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Hypopituitarism in children


The pituitary gland is a gland located in the brain and consists of the anterior lobe, which produces growth hormone and thyroid—stimulating hormone, and the posterior lobe, which is responsible for the production of antidiuretic hormone and oxytocin. Hypopituitarism is a pathological condition in which there is a decrease in the secretion of one or more pituitary hormones.

Hypopituitarism can occur as a congenital disease without a well-defined cause, and be the result of genetic mutations, underdevelopment, injuries, hemorrhages, tumor formation and other factors.


The symptoms of hypopituitarism depend on which hormone is not enough in the body. The first symptom that usually manifests itself is a deficiency of growth hormone. This deficiency is usually accompanied by a consistent decrease in the level of gonadotropins, thyrotropin and adrenocorticotropin. The symptoms of growth hormone deficiency may not be obvious, but with age, similar symptoms may occur that are characteristic of a decrease in growth hormone levels due to pituitary gland problems. Thyroid hormone deficiency is manifested by symptoms such as fatigue, swelling, weight gain, dry skin and problems with the intestinal tract. In children, it can also cause growth retardation. Deficiency of adrenocorticotropic hormone, as a rule, does not manifest itself with characteristic symptoms, but in the case of physical stress, for example, surgery, serious symptoms such as severe fatigue, nausea, vomiting, abdominal pain and even shock due to hypoglycemia, electrolyte imbalance and a decrease in blood pressure may appear. A deficiency of gonadotropins leads to a complete absence of secondary sexual characteristics, and a deficiency of antidiuretic hormones can cause dehydration and electrolyte imbalance.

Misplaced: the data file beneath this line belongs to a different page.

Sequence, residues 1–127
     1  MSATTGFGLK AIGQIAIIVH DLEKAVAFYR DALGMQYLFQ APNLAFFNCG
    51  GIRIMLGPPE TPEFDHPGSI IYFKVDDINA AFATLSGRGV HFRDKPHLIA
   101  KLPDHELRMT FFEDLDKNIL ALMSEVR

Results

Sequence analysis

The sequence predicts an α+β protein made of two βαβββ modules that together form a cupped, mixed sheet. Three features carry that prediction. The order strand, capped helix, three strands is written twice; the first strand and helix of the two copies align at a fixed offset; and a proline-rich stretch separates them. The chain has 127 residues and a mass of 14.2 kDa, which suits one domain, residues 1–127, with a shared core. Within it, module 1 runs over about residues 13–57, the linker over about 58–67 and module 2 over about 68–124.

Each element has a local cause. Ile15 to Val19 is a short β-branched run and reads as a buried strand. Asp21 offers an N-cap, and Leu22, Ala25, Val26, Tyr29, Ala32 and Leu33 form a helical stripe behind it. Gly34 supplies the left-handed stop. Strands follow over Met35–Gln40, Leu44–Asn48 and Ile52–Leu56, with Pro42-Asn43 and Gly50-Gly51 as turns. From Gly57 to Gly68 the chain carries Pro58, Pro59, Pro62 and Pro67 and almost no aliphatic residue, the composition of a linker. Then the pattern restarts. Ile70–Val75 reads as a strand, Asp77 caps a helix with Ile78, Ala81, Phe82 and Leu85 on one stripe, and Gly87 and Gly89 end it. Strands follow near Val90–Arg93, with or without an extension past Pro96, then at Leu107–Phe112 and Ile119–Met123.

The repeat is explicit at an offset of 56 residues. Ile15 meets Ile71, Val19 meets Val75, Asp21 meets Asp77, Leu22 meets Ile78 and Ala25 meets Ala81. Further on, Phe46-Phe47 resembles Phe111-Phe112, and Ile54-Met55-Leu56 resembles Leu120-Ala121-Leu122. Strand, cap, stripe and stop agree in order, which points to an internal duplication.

To establish the diagnosis of hypopituitarism, various methods are used, including blood tests, imaging examination and genetic analysis related to the function of the pituitary gland. One of the main hormonal tests is a comprehensive test known as the pituitary stimulation test. This comprehensive test is designed to assess the overall function of the pituitary gland. In addition, growth hormone stimulation tests and water deprivation tests are conducted. For a more detailed study of the pituitary gland structure, a magnetic resonance imaging (MRI) can be performed. If necessary, an X-ray or visual field examination may also be required.

Treatment and course of the disease

Hypopituitarism is treatable using the missing hormones, which can be taken orally or injected. For children in the growth period, growth hormone medication is given subcutaneously before bedtime, or thyroid hormone medication is given once a day. In the case of adrenal hormone deficiency, cortisol is used, which belongs to the class of steroids. It is important to emphasize that with a deficiency of antidiuretic hormone, regular fluid intake is of great importance. This disease requires a long and systematic replenishment of various hormones, so regular injections are one of the most important components of treatment.


If acute hormonal insufficiency persists for a long time, this may be accompanied by the occurrence of a number of complications. Long-term growth hormone deficiency can lead to negative consequences such as underdevelopment, obesity and osteoporosis. In newborns with hypothyroidism, developmental disorders may occur, and a sudden deficiency of adrenal cortex hormones increases the risk of developing a state of shock due to severe hypoglycemia, low blood pressure and electrolyte imbalance. In case of insufficient control of antidiuretic hormone deficiency, there may be disturbances in the electrolyte balance and renal dysfunction caused by dehydration. In addition, hypopituitarism increases the risk of developing diabetes or fatty hepatosis.

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